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Garlic - Hardneck & Softneck

Gardeners just getting into garlic have some decisions to make: there are dozens of different varieties, and choosing which one to grow is difficult. But it’s hard to go wrong: experimenting with various varieties is likely to lead to a new appreciation of a crop you already love.

There are basically two main types of garlic: hardneck, sometimes called top-setting garlic, and softneck, sometimes called artichoke garlic.

— Gardeners in cold climates usually grow hardneck types, such as ‘German Red’, ‘Maiskij’, ‘Music’, and ‘Ajo Rojo’. These produce tight heads of garlic with up to about a dozen cloves around a central stalk. Garlic connoisseurs say that hardneck garlics have rich and complex flavors.

— Softneck garlic normally grows best in climates with hot summers and mild winters. ‘Nootka Rose’, ‘Viola Francese’, and ‘Inchelium Red’ are all softneck garlics, known for their productivity (some softneck types produce up to 40 cloves per bulb), for great traditional garlic flavor, and for their ability to keep for months.

If you live in an area where cool-season lawns (bluegrass, perennial rye, fine fescue) are the norm, hardneck garlic is a good first choice; where warm-season zoysia and bermuda lawns thrive, soft-neck garlics are more often planted in home gardens. In transitional zones, you can have success with either type — but, no matter where you live, if you’re not sure which varieties to try, the best idea is to plant some of each. Trying several different types all at once gives you a chance to find out which ones perform — and taste — best in your own climate and conditions. Garlic is an adaptable plant, and even the experts like to experiment.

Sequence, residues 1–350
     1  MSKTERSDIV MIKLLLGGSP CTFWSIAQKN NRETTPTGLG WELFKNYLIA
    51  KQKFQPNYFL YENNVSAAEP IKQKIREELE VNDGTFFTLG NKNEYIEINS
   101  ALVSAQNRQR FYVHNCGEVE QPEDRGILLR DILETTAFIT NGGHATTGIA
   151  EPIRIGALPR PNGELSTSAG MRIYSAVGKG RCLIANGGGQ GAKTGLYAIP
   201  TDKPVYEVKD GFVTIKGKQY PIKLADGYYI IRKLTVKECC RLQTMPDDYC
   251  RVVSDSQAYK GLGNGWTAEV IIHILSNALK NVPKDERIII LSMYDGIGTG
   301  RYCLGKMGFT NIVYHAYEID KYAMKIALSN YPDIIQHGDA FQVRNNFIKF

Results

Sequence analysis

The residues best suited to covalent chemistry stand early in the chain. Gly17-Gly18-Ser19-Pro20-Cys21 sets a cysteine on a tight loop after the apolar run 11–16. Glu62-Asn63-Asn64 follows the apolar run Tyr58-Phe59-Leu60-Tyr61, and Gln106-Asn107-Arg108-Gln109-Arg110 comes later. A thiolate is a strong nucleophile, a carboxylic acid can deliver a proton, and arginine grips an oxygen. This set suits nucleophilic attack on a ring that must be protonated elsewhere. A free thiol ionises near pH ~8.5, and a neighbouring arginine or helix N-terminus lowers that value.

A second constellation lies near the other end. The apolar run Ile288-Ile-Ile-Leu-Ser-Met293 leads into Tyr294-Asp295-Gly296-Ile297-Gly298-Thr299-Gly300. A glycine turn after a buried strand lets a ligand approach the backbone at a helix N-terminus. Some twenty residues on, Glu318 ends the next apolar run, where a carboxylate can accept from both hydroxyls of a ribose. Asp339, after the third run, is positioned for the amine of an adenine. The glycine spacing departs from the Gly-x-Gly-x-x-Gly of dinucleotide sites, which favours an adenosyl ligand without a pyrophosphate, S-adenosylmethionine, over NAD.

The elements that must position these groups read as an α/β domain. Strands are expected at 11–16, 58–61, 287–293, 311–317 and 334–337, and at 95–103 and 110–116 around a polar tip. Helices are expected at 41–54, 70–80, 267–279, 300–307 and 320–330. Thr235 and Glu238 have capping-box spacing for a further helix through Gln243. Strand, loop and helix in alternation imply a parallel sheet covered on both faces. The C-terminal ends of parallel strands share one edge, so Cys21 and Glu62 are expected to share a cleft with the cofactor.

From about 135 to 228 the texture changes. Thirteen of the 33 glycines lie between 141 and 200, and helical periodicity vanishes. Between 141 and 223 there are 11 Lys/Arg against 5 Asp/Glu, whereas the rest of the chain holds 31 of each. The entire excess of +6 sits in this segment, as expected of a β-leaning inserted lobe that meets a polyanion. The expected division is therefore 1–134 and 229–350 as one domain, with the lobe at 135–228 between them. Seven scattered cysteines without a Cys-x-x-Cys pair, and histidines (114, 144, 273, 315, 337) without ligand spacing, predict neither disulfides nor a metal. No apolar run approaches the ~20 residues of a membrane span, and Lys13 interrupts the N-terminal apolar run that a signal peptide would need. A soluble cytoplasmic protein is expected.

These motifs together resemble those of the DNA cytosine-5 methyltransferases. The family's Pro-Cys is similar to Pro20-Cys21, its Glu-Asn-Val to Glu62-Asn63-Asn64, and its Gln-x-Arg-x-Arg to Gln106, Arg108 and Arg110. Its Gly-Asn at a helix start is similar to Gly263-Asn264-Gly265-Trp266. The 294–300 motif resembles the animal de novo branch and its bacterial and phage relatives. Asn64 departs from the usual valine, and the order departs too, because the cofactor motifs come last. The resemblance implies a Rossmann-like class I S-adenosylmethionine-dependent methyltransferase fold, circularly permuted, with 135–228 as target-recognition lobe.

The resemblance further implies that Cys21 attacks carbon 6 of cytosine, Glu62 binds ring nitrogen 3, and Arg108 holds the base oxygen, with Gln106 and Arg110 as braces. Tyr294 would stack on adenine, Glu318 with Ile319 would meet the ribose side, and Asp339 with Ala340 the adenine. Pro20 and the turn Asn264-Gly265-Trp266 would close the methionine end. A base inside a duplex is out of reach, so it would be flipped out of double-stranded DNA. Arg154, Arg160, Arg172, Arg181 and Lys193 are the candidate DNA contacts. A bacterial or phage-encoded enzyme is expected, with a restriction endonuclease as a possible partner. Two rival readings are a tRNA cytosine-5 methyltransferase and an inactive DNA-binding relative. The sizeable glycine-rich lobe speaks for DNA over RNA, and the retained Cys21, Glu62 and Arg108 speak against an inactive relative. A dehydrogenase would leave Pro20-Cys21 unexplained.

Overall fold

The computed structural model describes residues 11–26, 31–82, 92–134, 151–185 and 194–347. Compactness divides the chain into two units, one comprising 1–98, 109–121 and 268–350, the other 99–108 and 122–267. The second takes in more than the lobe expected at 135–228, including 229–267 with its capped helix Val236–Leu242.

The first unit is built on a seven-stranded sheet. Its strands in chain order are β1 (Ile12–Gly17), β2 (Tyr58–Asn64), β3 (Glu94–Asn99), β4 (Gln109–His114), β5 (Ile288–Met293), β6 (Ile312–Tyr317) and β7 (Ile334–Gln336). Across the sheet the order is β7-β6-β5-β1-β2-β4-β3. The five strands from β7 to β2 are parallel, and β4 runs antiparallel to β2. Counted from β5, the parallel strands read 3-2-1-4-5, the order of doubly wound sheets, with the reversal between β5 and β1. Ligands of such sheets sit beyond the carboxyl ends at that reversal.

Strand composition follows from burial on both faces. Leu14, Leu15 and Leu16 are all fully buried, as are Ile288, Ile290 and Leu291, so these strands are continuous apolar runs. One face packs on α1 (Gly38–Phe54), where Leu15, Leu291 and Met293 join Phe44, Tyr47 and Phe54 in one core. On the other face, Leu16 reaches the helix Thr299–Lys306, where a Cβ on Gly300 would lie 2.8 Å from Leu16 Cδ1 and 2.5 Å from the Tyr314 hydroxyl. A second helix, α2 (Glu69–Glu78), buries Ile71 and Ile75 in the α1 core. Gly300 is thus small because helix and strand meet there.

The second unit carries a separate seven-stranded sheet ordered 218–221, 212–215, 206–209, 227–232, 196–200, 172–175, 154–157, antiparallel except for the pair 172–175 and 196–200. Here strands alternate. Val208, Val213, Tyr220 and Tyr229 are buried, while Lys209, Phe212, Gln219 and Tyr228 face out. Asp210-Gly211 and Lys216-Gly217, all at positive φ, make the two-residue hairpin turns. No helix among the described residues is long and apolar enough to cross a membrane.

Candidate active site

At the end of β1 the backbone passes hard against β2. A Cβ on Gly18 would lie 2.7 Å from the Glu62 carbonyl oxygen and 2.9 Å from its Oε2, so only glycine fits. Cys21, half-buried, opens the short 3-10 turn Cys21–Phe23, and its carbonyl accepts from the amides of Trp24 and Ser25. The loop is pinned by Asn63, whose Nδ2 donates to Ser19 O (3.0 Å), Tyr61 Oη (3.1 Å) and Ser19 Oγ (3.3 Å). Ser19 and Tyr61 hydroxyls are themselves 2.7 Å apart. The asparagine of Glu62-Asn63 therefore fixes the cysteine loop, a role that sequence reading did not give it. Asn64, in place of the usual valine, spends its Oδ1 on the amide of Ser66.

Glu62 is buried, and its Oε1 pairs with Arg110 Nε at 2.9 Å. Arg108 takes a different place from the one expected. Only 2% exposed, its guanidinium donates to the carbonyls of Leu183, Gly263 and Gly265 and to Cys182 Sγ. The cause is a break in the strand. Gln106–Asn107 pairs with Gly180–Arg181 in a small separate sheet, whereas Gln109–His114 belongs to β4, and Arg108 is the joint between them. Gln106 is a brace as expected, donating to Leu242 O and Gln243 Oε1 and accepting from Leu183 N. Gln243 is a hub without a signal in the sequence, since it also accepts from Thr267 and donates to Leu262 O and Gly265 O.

Hardneck garlics are known for their extreme hardiness. In warm climates the heads of hardneck garlic may be smaller than they would be in climates with bone-chilling winters, but you’ll still get a good harvest, and interesting garlic flavors. To improve the yield, cut off the tall flower scapes after they begin to curl around on themselves. The scapes are delicious in salads or salad dressing, and they can even be pickled. When you cut off the scape, the plant puts its energy into producing garlic cloves instead of flowers.

Softneck garlic normally doesn’t produce a flower scape, which may account for its natural tendency to produce more cloves and to mature a little earlier than hardneck types. If you would like to make braid of garlic heads, grow a softneck type; ‘Siciliano’ and ‘Silver Rose’ are particularly good for making into pretty, long-lasting braids.

When it’s time to plant spring-flowering bulbs, it’s garlic-planting season, too. Plant in the fall for harvest the following spring, summer, or early fall. Like tulip and daffodil bulbs, garlic cloves should be planted with the pointed end up. Plant them three to four inches deep and six inches apart. That’s it: your garlic harvest is assured.

Read the next Article: Where have all the flowers gone?

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Gardening Tip of the Day

  • If the best looking melons in the garden had little or no flavor last summer, the problem may be the variety planted. Some melon types do better in a region than others and only trial and error or an experienced local gardener or county extension agent can guide you.

    Occasionally the problem is the soil. It may lack sufficient nutrients or the pH can be too low. Dig in compost or rotted manure before planting. Melons do best in neutral to slightly alkaline soil. Have your soil tested and if the pH is below 6.5, amend with lime. Sometimes a lot of rain near the time of harvest will dilute the sugar in melons affecting taste. Watermelons will regain their sugars if you hold off harvesting for a few days. Cantaloupes will not.